Opening statement to the Senate Joint Committee, Corporations and Financial Services (Oversight of the Australian Securities and Investments Commission), 16 October 2015

  • Good morning, Chairman.
  • Thank you for this opportunity to address the Committee.
  • Representing ASIC today are all of our Commissioners –
    • Deputy Chairman Peter Kell; and
    • Commissioners:
    • Cathie Armour;
    • John Price; and
    • Greg Tanzer.
      • Supporting the Commission are Senior Executive Leaders:
        • Warren Day
        • Louise Macaulay;
        • Tim Mullaly; and
        • Michael Saadat.
  • Chairman, I have a brief opening statement in which I wanted to discuss two things:
    • ASIC's Corporate Plan, and
    • ASIC's Innovation Hub

Chairman, in late August, ASIC published its Corporate Plan 2015–16 to 2018–19 with our Focus for 2015-16. The Corporate Plan communicates our thoughts on how our long term strategic priorities and challenges are shaping ASIC's strategy and responses over this period. In achieving our strategic priorities of investor and consumer trust and confidence, and fair, orderly, transparent and efficient markets, we see a number of challenges that can threaten them. Our long term challenges are:

  • Conduct risk - balancing a free market-based system with investor and financial consumer protection,
  • Cyber resilience and digital disruption,
  • Structural change driven by the growth of superannuation,
  • Complexity driven by financial innovation, and
  • globalisation.

Our Corporate Plan identifies areas of focus for 2015-16 where there are particular concerns that flow from the long term challenges we face in 2015-16. These are in the areas of:

  • Conduct risk - gatekeeper conduct,
  • Cyber resilience and digital disruption - cyber attacks,
  • Structural change - the growth of superannuation and the need for trusted financial advice,
  • Complexity - misalignment of retail product design and distribution with consumer understanding, and
  • Globalisation - cross-border businesses, services and transactions.

The Corporate Plan also highlights how ASIC will evaluate its performance over time and strengthen its capabilities to meet future regulatory challenges.

Now I would like to talk about ASIC's Innovation Hub. In 2015, ASIC set up its Innovation Hub to help fintech start-ups in their engagement with ASIC. Innovators often have limited time, limited money and limited access to professional advice, and may also lack experience interacting with ASIC. Where we can, we work with the entity to help their business and cut red tape. ASIC is committed to encouraging innovation while not compromising our strategic priorities. We need to look closely at new business models to see where they fit in the regulatory framework. Innovative business models can sometimes test legal boundaries. The Innovation Hub helps us see new developments as they are happening and informs our work.  For our Innovation Hub, we have adopted a five point approach.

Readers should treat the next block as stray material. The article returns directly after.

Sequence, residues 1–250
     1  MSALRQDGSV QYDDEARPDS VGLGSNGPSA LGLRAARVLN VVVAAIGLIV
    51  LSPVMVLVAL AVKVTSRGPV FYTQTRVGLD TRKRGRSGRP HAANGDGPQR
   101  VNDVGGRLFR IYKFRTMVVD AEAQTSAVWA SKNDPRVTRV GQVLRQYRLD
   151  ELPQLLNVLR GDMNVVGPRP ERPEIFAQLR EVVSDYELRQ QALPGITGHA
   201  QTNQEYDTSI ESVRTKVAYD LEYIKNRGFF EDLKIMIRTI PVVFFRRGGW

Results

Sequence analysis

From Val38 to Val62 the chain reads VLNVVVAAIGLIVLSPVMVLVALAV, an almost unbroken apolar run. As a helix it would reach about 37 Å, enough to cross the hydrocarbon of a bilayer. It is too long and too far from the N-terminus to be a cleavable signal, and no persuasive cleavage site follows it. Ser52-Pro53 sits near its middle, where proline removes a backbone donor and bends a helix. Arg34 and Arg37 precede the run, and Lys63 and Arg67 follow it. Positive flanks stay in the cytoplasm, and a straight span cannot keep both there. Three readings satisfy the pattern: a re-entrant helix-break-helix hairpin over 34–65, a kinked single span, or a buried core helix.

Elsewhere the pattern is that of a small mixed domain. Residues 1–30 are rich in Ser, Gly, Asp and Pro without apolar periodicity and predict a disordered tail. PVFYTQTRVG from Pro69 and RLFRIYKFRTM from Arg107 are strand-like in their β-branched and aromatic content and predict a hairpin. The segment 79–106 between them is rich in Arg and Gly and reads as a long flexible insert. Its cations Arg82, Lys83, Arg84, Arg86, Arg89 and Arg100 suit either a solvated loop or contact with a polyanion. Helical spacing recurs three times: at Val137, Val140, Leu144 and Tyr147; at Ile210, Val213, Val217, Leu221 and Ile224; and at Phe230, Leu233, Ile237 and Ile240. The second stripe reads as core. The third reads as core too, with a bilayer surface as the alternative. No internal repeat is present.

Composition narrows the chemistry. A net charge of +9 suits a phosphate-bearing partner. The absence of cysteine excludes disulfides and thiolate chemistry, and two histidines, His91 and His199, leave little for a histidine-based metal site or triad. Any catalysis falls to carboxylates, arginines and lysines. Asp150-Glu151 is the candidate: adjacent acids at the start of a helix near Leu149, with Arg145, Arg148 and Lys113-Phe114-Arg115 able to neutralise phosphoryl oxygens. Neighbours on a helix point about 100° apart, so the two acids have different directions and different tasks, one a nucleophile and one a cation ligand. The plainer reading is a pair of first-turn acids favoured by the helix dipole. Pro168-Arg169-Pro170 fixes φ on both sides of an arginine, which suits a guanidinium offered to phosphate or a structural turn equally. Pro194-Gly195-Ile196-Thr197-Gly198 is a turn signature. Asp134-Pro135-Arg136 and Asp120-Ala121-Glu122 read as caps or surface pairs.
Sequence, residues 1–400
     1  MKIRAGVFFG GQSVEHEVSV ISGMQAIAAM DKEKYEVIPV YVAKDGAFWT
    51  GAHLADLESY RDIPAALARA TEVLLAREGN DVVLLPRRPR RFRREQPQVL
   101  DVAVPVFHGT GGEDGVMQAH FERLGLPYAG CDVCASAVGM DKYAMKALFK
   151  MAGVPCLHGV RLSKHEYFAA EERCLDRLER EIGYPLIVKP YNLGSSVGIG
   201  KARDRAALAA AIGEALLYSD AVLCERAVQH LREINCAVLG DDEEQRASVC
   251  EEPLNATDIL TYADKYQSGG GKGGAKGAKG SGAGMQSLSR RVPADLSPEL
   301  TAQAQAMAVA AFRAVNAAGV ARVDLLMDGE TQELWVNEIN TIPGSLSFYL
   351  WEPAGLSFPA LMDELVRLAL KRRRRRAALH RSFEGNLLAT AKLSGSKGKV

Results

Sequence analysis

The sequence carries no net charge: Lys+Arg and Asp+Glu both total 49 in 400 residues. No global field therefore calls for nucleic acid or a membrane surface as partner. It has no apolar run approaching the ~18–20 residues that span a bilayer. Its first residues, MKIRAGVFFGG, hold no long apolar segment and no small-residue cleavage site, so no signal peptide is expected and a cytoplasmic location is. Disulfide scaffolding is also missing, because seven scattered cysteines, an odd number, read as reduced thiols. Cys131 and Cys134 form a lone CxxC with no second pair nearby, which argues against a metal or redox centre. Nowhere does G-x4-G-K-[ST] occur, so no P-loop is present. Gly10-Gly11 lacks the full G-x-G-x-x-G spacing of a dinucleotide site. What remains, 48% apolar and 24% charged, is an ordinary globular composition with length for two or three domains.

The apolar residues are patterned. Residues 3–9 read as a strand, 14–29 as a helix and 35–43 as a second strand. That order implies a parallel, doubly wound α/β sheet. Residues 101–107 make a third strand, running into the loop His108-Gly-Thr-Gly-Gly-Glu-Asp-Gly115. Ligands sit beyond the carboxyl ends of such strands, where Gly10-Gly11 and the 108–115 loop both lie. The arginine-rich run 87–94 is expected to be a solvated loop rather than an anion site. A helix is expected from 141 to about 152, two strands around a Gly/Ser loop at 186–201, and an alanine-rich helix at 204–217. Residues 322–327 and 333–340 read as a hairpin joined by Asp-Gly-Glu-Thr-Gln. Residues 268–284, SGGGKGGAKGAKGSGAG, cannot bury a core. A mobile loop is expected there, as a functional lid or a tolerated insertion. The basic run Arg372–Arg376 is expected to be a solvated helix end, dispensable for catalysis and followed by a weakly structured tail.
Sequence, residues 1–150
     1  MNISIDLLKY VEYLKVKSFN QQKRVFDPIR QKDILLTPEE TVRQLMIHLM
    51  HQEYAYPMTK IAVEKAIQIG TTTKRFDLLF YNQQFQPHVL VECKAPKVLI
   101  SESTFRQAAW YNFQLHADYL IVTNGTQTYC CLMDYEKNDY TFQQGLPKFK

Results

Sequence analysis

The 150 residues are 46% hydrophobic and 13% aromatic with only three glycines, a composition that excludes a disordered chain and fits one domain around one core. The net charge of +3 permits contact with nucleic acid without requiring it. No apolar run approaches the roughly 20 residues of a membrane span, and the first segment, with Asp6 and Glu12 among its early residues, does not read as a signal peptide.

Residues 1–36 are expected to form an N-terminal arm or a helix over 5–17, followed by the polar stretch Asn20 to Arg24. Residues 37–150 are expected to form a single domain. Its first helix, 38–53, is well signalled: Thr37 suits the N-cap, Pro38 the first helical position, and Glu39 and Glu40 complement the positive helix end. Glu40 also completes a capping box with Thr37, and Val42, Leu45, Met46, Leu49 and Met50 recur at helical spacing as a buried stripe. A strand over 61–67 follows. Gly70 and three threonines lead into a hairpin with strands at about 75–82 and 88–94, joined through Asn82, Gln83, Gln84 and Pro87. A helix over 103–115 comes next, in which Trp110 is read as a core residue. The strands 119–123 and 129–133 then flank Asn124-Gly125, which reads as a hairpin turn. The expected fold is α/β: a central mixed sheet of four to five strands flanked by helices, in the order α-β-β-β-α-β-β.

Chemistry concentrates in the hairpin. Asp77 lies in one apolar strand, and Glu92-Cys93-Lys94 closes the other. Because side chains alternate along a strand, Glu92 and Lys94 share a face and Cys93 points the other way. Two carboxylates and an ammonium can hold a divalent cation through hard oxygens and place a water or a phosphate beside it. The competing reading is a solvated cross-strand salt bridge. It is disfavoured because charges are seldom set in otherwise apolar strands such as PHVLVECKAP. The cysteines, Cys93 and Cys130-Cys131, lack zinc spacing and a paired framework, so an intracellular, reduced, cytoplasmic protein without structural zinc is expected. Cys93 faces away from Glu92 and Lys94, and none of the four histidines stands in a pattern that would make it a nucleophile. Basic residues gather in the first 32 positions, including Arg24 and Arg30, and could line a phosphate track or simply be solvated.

• First: engaging with other fintech initiatives, including physical hubs and co-working spaces established for start-ups, for example, Stone & Chalk and Tyro in Sydney.
  • Second: streamlining our processes for innovative business models. Innovative businesses can request informal help from ASIC.
  • Third: a new page on ASIC's website – a one-stop-shop for innovative businesses to access information targeted at them.
  • Fourth: a senior internal taskforce at ASIC chaired by Commissioner John Price.
  • Fifth: our Digital Finance Advisory Committee, or DFAC for short, is a body of cross section of people involved with fintech business. They provide ASIC with strategic advice and information about the industry.

Chairman, I also wanted to mention very briefly our recent enforcement success. This month former Kleenmaid director, Gary Collyer Armstrong, was sentenced to 7 years jail for his role in the collapse of the national whitegoods distributor. In August 2015, Mr Armstrong pleaded guilty to insolvent trading and fraudulently obtaining $13 million from Westpac. This outcome should serve as a warning to corporate Australia that ASIC will not tolerate directors and company officers who conduct their business dishonestly to the detriment of creditors and consumers. If you choose to act in this way, there is a very good chance you will be caught and there is a very good chance you will go to jail. Chairman – since we last met some of ASIC lawyers in September won an award for their pro-bono volunteering work in helping young people. The award, from National Association for Prevention of Child Abuse and Neglect (NAPCAN), recognised the work of 38 ASIC lawyers.

Chairman, those are the substantive issues I wanted to mention. We are now happy to take questions.

Last updated: 30/03/2021 09:39